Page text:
Los Angeles as seen from Griffith Park on January 10th, 2019, just days before an Atmospheric River moved into the region. Source: Gerardo Diaz Jr.
After spending a few days soaking in the Southern California sun, I was about ready to head back up to my home in the Midwest. That being said, my last morning in LA was anything but sunny. The sky was grey and traffic was backed up for miles on several of the freeways as rain slowly moved its way into the normally picturesque blue skies of the famed Golden Coast. Indeed, these conditions had only just begun to roll into the region after months of historic wildfires that left many parts of the State in ruins, including well-known towns such as Malibu. And while the region is renowned for having near-perfect weather all year round, these sudden and often abrupt rain events are an integral piece to the region’s climate.
Grey skies over the Santa Monica Pier. Source: Gerardo Diaz Jr.
Atmospheric Rivers, or ARs, are the transport of moisture from the tropics into higher latitudes. In the case of California, moisture tends to be transported over from the warm tropical waters of the West Pacific. As the moisture is carried over a landmass, the continental air mass will become saturated, resulting in the release of moisture in the form of precipitation. This process is so frequent and comes at such a varying degree of intensities on the West Coast that it is colloquially referred to as the Pineapple Express. Overall, ARs bring both benefits and challenges to the State, all while playing an important role in supplying and maintaining the entire region’s water sources.
Cloudy skies overlooking downtown Santa Monica on the morning of January 14th, 2019, as more and more moisture was advected onto shore. Source: Gerardo Diaz Jr.
In terms of their benefits, ARs are responsible for providing much of the annual precipitation for places like Southern California, along with the vast majority of the snow pack for higher elevations all along the entire stretch of the West Coast. The improvement of snowpack following a severe drought is critical for ski resorts all along the State. The lack of snow over much of the Sierra Range was a major cause for concern for resorts all across the State, especially in North and Central California. Thankfully, much of the region as of the time that this article was released has experienced a rejuvenation in its snow pack thanks entirely to the most recent AR. In fact, according to NWS Sacramento, many parts of the Sierra and outlying towns hare now at or even above average precipitation levels for the first time in months. As such, ARs can significantly help in alleviating drought conditions and can bring an immediate and sudden end to wildfire seasons, as has been the case over the last couple of years in California. The most recent and devastating fires across the State were essentially washed away by the introduction of moisture into the region via ARs.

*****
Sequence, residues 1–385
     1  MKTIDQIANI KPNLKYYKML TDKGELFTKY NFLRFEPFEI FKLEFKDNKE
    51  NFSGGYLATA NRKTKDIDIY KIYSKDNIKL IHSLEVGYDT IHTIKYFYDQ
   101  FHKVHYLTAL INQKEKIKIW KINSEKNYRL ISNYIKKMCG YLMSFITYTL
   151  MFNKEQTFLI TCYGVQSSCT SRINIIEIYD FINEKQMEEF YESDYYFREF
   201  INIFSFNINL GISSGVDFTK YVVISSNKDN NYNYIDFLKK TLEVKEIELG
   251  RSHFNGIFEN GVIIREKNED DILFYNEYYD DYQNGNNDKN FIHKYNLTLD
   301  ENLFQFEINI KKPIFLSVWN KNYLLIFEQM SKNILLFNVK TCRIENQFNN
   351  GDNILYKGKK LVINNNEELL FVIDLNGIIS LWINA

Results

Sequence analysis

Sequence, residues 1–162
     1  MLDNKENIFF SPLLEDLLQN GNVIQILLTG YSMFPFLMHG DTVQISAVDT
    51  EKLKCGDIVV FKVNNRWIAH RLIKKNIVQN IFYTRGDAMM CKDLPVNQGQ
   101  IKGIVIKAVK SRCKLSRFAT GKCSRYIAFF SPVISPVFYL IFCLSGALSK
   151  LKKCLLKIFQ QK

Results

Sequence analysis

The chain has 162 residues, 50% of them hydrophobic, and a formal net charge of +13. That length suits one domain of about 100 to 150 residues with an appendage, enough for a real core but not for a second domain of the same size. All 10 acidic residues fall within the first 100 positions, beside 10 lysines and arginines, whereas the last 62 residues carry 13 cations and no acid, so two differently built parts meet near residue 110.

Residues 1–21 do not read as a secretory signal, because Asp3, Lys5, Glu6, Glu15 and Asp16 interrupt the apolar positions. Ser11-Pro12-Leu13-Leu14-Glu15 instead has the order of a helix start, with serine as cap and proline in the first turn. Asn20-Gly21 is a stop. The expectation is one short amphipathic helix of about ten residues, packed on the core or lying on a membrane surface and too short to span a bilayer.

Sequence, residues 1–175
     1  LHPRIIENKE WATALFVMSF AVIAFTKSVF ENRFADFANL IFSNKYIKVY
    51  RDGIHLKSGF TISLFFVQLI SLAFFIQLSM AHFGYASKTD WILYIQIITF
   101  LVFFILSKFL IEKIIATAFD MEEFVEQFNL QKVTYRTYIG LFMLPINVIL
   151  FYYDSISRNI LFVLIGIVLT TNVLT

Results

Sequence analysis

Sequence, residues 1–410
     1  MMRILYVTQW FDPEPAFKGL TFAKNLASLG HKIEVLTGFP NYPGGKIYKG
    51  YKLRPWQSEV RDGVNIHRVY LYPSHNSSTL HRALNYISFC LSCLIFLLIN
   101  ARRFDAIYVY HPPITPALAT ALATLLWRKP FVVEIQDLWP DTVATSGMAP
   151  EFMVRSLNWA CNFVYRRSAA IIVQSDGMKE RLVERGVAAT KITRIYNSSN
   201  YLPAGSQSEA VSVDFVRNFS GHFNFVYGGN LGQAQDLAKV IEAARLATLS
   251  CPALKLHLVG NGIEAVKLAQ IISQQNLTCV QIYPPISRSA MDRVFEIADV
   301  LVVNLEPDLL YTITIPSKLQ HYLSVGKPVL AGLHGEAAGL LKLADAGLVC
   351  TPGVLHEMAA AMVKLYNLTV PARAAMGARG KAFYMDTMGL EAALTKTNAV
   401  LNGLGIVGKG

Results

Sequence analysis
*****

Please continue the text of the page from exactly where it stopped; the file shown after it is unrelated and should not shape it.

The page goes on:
The average amount of water that has fallen over parts of Central and Northern California this season. Source: National Weather Service, Sacramento.
With that all being said and done, moderate to strong ARs can have dramatic and extreme impacts to unsuspecting residents, especially if they occur immediately following a prolonged dry-spell. In fact, during this most recent rain spell alone, LA has seen over half of the rain it typically experiences in a single year, placing it in a much better situation than where the region was during the end of last year in terms of drought conditions but in a much more serious risk for flash flooding and landslides. Indeed, an immediate and large introduction of moisture to such a concentrated region just weeks after it experienced severe fire damage is a recipe for new challenges, including mudslides, and landslides, if said areas are introduced to large amounts of precipitation. This was exactly what occurred on January 17th, 2019, as reports of cars being either washed away or struck directly by mud and debris were reported all across the Pacific Coast Highway in Southern California. Simply put, the dried and burnt up mountains and hills in the region simply could not absorb the large quantities of precipitation that fell in the region during such a short amount of time. It also should be noted that Northern California is just as susceptible to extreme moisture introduction following heavy drought and fire weather conditions.
Damage along the Pacific Coast Highway due to a heavy rain-induced mudslide. Source: Courtesy Caltrans(@CaltransDist7).
It is an understatement to say that this atmospheric process is an important part of the climate system of the region. Without ARs, the state of California, and indeed the entire West Coast of the United States, would experience a much more arid climate and subsequently would struggle to maintain its current population. Nevertheless, when strong ARs bring large quantities of moisture are advected into the region in a short amount of time, the consequences can be extreme, especially in those areas that experience drought conditions immediately before the moisture advection. As such, understanding ARs is important for both meteorologists who forecast them and for those who live along the West Coast and experience their effects first-hand.
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© 2018 Meteorologist Gerardo Diaz Jr.